Newswise — In 1980, home computers had been available for five years, Sir Tim Berners-Lee established the precursor to the World Wide Web, and hard disk drives held a mere five megabytes each. That year, the Department of Energy’s (DOE) Office of Energy Research – now the Office of Science – had a small but dynamic program in applied mathematics, advanced computing, and networking for scientific research. Forty years later, the program, now called Advanced Scientific Computing Research (ASCR), still supports advances in scientific progress and computing, as described in the new ASCR@40 report.

ASCR’s mission now is the same as it was back then – on steroids. It’s to discover, develop, and deploy computational science and high-performing networking tools and services that enable scientific researchers to analyze, model, simulate, and predict complex phenomena in energy, the environment, and security important to DOE and the nation.

To fulfill that mission, ASCR takes two main approaches. It provides world-class resources to researchers across the Office of Science’s program areas. These resources include supercomputers, modeling tools, high-speed networks, and the technical support to use them. In fact, they’re the backbone to all of our scientific research. ASCR also funds foundational research in computational science and engineering.

In terms of user facilities, ASCR supports three supercomputing centers: the Argonne Leadership Computing Facility, the Oak Ridge Leadership Computing Facility, and the National Energy Research Scientific Computing Center. Computers at these facilities regularly rank in the list of the top 10 most powerful computers in the world. Nearly 10,000 researchers use these computers annually, and these investigators released about 3,000 journal articles in 2018 alone.

But these resources aren’t just limited to national lab and university scientists. Since 2004, private companies large and small have been able to apply for access to these computers on a competitive basis. Both GE and Pratt & Whitney have used advanced modeling to make their jet engines quieter and more fuel-efficient. A small environmental risk start-up firm used them to create some of the highest resolution flood risk maps in the world. These maps now help cities understand flood risk at the level of a city block.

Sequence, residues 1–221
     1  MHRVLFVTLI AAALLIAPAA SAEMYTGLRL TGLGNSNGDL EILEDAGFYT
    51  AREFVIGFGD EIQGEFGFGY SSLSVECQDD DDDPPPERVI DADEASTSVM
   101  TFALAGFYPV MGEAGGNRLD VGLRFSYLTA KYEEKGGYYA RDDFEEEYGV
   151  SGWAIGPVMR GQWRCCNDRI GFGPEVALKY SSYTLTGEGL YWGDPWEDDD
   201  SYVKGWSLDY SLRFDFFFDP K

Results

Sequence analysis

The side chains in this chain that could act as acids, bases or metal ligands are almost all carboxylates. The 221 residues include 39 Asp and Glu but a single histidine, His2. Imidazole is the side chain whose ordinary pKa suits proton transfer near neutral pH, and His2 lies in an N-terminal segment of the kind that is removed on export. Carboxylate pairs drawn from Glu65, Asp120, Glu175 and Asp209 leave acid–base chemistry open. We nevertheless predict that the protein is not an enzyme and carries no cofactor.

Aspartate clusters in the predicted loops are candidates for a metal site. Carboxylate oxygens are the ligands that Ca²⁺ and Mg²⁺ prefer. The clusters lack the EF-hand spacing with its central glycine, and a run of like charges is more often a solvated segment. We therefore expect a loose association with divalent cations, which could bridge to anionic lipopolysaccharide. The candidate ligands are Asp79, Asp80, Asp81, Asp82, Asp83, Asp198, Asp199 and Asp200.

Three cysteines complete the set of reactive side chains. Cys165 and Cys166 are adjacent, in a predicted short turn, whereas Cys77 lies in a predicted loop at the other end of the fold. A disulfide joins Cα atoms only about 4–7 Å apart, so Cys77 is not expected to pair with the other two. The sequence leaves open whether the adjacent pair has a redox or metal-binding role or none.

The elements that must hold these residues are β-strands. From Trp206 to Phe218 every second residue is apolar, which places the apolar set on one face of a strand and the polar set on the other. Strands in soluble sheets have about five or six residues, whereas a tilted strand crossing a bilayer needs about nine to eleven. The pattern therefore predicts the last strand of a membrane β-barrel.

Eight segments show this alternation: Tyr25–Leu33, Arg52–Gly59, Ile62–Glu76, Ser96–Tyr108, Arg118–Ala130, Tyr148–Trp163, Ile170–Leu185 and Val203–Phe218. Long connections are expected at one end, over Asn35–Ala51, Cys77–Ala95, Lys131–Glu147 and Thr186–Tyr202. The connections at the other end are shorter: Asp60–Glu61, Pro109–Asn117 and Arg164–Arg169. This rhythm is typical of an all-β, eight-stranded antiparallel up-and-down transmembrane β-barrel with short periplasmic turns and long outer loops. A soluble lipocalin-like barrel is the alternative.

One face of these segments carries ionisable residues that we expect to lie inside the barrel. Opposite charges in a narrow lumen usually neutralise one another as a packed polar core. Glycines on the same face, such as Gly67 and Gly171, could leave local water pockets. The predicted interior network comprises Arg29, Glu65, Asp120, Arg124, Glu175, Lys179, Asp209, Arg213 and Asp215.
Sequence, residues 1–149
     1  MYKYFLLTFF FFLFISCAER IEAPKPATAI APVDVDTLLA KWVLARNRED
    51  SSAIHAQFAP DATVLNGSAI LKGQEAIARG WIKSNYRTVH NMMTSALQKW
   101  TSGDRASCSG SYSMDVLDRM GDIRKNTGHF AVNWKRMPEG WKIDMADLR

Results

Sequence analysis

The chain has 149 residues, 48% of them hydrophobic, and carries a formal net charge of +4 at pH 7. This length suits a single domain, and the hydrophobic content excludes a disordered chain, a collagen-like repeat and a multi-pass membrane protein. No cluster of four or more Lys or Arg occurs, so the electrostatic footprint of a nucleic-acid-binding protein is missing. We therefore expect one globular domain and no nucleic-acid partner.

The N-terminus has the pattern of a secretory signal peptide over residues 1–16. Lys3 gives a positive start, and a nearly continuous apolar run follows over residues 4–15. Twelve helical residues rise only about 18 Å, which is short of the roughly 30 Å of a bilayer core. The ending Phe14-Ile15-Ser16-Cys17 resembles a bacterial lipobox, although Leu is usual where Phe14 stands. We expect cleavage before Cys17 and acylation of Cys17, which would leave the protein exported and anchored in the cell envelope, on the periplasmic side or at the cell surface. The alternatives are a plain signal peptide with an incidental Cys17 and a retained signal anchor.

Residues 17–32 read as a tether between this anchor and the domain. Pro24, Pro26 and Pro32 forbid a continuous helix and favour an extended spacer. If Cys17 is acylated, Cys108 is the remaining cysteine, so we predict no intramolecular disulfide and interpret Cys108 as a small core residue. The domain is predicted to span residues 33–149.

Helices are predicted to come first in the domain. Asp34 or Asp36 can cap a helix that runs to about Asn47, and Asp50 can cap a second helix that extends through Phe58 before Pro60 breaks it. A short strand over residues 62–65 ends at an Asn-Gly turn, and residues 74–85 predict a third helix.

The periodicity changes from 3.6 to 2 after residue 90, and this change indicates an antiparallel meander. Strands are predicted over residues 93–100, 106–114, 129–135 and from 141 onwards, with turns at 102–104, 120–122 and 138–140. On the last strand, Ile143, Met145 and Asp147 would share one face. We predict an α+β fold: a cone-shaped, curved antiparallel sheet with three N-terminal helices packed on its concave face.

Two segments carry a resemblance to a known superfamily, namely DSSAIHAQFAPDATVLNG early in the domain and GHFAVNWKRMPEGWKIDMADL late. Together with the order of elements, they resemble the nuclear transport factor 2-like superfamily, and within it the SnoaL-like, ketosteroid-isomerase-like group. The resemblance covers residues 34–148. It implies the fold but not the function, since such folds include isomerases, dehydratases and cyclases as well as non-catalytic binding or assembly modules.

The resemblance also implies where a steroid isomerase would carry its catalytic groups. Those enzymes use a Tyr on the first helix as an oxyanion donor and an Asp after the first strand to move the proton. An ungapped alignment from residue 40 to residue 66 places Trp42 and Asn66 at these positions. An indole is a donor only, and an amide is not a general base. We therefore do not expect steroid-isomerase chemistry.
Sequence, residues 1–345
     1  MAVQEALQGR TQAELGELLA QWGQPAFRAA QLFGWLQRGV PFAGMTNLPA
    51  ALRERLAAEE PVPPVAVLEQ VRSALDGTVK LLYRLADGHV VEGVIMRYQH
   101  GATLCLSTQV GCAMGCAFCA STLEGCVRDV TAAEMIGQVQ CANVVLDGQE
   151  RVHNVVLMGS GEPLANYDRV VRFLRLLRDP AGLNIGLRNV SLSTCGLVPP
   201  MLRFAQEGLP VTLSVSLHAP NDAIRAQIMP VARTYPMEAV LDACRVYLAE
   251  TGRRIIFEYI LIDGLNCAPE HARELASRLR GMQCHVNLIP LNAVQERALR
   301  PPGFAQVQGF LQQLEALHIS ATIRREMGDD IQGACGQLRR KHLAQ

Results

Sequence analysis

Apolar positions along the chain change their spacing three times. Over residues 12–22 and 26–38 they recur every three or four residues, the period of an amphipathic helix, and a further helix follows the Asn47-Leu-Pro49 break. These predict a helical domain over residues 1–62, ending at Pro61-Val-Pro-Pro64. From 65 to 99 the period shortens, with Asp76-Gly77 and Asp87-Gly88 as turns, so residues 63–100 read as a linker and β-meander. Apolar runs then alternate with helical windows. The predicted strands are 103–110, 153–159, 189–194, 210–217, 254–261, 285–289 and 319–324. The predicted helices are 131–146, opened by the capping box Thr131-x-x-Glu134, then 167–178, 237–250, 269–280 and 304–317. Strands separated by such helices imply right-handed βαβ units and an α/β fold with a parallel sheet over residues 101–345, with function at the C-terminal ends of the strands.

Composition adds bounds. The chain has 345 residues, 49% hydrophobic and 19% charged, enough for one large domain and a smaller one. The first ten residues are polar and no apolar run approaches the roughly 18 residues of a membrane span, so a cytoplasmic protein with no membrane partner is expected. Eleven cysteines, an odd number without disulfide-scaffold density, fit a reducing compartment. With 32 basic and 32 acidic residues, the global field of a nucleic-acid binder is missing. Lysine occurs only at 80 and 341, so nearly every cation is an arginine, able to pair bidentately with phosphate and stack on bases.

ASCR has also connected universities around the world in a way that enables scientists to feel like they have a “supercomputer next door.” ESnet, the Office of Science’s massive network devoted to moving scientific data, began with a 56 kbps modem. Now, it moves 100 petabytes of data a month. That number is the equivalent of 100 billion books worth of data. It’s 41 million times faster than the system’s original modem. Networking tools developed for ESnet, like the On-Demand Secure Circuits and Reservation System, have made sending massive scientific data sets easier and more efficient than ever before.

Improvements in modeling supported by ASCR have enabled scientists to approach research in an entirely new way. With simulations run on high-performance computers, scientists can create virtual versions of real-world events. Older climate models that used 100 kilometer grids didn’t predict a number of tropical cyclones. Now, new models that use 25 kilometer grids capture the storms that would have been previously missed. Similarly, improving the algorithms used in modeling software has improved physicists’ understanding of how air flow moves around airplane wings. ASCR facilities are even collaborating with the National Cancer Institute to build predictive models for cancer treatment.

In the past four decades, computing has seen a revolution in power, capability, and ubiquity. ASCR has participated in developing much of this technology as well as found powerful ways to bring it to the scientists moving research forward.

This week, many researchers and facilities are highlighting their research supported by ASCR at the SC20 International Conference for High-Performance Computing, Networking, Storage, and Analysis virtual conference.


The Office of Science is the single largest supporter of basic research in the physical sciences in the United States and is working to address some of the most pressing challenges of our time. For more information, please visit